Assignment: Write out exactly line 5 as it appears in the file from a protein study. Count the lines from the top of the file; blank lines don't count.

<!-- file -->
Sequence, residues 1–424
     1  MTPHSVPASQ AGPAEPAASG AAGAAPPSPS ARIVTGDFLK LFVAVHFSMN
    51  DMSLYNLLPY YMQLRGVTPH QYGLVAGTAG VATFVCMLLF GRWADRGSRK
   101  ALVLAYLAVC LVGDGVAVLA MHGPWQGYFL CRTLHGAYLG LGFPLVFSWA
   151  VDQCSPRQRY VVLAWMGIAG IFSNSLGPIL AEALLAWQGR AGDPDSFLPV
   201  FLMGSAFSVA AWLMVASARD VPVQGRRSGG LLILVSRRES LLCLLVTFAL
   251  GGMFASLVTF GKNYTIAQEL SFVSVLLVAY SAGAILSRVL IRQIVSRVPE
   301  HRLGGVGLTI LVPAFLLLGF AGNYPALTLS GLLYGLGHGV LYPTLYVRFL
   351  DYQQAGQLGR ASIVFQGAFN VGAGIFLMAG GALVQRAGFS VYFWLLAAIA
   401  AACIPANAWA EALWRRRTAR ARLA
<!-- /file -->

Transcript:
   151  VDQCSPRQRY VVLAWMGIAG IFSNSLGPIL AEALLAWQGR AGDPDSFLPV